Coal- and natural gas-fired power plants in Turkey are significant sources of atmospheric emissions that are harmful to people’s health and the environment. This study analyses the impacts of the pollutants CO, SO2, NO2, and PM10 on human health. Turkey’s need for electricity will continue to increase in the coming years. Recognising that coal- and natural gas-fired electricity generation are major contributors to atmospheric pollutants and related health impacts, it is evident that an increased share of renewable energy in electricity generation would help lessen the problems of air pollution and reduce costs for the Turkish health system.
Key policy opportunities:
Policy opportunity 1: Turkey can significantly reduce the number of premature deaths related to air pollution from fossil-fuelled power plants. Under the current policy, mortality can be expected to increase from 2,100 cases in 2017 to more than 2,300 cases in 2028. By following an ambitious decarbonisation pathway (Advanced Renewables Scenario B), estimated mortality would be reduced to less than 1,600 cases in 2028, thus avoiding more than 750 deaths in that year alone.
Policy opportunity 2: Turkey can significantly unburden its health system by decarbonising the power sector: Under the current policy, annual health-related costs can be expected to increase from USD 2.15 billion in 2017 to USD 2.5 billion in 2028. By following an ambitious decarbonisation pathway (Advanced Renewables Scenario B), health cost savings in 2028 can amount to USD 800 million in this year alone.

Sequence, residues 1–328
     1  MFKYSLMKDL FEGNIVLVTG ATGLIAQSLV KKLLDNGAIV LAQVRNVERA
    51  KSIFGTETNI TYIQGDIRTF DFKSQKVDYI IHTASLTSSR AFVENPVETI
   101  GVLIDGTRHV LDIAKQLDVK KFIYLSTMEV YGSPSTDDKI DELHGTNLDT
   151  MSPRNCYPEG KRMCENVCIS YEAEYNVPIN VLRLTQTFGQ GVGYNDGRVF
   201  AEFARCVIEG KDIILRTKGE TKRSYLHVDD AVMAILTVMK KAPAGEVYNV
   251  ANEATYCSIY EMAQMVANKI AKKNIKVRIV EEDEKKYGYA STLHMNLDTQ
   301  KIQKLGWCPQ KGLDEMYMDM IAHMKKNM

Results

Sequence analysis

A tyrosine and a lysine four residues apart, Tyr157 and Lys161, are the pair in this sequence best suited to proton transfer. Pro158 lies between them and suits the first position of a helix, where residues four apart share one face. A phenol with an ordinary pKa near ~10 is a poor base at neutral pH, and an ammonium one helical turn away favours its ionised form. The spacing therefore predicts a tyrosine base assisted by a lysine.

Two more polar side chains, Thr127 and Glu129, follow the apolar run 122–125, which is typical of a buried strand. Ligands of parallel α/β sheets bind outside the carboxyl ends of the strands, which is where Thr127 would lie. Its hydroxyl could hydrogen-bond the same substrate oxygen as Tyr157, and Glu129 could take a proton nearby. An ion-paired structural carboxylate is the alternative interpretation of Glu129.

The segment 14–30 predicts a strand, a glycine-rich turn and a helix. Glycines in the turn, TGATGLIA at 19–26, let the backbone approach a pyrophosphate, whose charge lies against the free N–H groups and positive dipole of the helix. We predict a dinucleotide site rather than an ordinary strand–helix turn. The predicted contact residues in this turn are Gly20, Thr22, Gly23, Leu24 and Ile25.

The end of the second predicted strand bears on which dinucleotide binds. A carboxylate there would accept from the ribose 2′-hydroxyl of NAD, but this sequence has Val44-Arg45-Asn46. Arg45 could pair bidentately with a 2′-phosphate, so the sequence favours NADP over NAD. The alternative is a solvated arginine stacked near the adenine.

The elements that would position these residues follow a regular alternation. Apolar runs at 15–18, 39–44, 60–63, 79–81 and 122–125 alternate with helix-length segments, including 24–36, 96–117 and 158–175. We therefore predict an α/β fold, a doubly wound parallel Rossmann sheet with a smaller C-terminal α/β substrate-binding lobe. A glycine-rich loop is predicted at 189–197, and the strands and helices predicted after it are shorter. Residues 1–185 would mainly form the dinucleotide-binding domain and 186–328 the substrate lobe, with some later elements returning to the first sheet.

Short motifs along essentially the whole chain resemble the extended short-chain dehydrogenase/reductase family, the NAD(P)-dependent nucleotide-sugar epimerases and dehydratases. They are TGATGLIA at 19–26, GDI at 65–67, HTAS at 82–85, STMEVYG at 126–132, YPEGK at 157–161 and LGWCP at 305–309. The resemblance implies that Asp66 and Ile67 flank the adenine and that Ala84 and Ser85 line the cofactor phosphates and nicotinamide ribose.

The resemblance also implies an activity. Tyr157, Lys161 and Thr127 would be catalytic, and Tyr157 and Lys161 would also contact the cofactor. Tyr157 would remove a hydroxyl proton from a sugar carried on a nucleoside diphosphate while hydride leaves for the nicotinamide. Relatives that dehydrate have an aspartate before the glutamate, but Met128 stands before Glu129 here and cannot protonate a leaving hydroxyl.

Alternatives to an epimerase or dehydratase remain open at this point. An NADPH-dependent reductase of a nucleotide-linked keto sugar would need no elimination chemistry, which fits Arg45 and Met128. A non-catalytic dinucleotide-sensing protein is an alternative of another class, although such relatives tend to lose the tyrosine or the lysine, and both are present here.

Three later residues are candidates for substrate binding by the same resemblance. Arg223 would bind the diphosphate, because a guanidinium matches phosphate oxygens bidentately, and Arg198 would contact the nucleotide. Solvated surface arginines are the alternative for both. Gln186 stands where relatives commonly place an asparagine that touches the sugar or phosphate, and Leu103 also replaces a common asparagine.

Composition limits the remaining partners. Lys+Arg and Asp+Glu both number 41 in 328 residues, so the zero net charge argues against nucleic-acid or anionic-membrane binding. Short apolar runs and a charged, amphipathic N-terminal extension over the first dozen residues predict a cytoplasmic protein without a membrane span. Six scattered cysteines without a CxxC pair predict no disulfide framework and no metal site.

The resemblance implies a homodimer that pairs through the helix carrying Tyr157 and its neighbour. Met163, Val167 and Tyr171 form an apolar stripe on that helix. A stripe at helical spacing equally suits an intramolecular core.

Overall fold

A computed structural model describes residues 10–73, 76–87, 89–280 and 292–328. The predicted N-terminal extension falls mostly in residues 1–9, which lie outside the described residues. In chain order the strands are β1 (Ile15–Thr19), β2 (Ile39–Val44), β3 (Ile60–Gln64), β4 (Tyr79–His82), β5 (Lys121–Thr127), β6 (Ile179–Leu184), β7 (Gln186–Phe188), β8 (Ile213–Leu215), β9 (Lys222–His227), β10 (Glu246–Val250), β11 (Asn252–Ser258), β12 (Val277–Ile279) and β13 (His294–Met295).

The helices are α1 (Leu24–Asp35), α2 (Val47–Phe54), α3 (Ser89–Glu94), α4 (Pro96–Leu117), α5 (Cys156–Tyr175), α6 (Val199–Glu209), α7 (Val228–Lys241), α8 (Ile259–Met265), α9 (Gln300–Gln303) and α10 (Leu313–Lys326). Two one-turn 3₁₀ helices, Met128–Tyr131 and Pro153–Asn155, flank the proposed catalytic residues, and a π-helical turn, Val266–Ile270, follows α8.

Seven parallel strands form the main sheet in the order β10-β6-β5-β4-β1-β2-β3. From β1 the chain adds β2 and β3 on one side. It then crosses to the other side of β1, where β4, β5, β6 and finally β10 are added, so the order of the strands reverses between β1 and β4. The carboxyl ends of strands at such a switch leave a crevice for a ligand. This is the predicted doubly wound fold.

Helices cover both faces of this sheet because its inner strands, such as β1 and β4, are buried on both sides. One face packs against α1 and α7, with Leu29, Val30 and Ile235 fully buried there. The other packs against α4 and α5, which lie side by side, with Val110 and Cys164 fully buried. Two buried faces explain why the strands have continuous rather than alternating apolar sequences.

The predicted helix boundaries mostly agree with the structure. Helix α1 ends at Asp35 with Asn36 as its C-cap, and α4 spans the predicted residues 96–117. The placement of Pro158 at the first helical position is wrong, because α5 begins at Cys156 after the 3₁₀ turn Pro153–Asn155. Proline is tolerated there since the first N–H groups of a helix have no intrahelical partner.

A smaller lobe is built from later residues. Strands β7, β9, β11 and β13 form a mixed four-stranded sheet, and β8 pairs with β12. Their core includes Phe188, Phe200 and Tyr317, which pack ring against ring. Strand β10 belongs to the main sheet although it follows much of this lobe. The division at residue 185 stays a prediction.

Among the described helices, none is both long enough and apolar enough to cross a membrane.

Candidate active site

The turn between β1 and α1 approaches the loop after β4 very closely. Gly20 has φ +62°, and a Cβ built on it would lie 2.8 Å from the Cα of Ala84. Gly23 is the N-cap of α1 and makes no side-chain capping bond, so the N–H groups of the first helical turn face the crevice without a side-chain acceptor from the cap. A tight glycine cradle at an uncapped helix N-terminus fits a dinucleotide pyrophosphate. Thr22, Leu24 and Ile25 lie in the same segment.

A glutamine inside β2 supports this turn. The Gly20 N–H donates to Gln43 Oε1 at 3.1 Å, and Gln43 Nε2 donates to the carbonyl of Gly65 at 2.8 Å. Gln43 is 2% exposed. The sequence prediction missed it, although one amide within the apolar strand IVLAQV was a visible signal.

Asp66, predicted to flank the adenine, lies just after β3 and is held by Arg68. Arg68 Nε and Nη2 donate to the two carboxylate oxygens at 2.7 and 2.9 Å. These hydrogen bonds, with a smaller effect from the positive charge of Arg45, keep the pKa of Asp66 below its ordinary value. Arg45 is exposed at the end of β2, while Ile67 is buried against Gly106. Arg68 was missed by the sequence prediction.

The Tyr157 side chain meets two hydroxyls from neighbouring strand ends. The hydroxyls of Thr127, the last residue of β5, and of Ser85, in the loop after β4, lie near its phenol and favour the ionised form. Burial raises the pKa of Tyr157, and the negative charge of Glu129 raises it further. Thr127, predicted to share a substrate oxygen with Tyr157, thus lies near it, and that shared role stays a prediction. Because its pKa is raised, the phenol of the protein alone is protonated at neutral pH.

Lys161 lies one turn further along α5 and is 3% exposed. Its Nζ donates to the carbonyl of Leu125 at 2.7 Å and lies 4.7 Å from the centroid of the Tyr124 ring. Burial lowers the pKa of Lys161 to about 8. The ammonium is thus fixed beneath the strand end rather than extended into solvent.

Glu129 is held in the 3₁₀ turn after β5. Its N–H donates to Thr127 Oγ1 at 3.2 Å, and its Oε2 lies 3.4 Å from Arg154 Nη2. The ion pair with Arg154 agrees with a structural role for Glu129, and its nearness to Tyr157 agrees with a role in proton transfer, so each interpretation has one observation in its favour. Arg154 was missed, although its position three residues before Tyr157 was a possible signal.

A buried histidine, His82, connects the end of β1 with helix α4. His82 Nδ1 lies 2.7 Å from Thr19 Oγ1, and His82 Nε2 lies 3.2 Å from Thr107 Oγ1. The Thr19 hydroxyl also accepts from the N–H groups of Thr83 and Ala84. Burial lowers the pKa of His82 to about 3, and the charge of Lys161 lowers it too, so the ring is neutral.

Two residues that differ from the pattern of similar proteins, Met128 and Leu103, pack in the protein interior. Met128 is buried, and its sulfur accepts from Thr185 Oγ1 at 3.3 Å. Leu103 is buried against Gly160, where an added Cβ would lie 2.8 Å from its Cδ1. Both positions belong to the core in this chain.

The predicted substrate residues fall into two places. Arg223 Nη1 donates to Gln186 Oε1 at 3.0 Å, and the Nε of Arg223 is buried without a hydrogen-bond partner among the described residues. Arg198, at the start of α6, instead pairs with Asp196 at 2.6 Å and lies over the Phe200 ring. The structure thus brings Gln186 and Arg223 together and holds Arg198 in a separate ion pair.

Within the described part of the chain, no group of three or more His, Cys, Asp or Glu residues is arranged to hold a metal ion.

Policy opportunity 3: The Ministry of Energy can support measures to track progress in reducing health impacts and related health costs by ensuring access to air pollutant emission data from individual power plants, detailing the relevant fuel, technological, and emission control standards. Public monitoring and technical analysis of power plants can improve the quality and reliability of air pollution and health cost assessments. This can be facilitated by public access to technical data on thermal power plants, such as filtration methods, combustion techniques, water consumption, fuel usage, and atmospheric pollution releases.
Suggested citation: IASS/IPC. 2020. Improving people’s health and unburdening the health system through renewable energy in Turkey. Assessing the co-benefits of decarbonising the power sector. COBENEFITS Report. Potsdam/Istanbul. www.cobenefits.info
This study is part of a series of four studies assessing the co-benefits of decarbonising the power sector in Turkey, edited by IASS, IPC, EPRA and IET.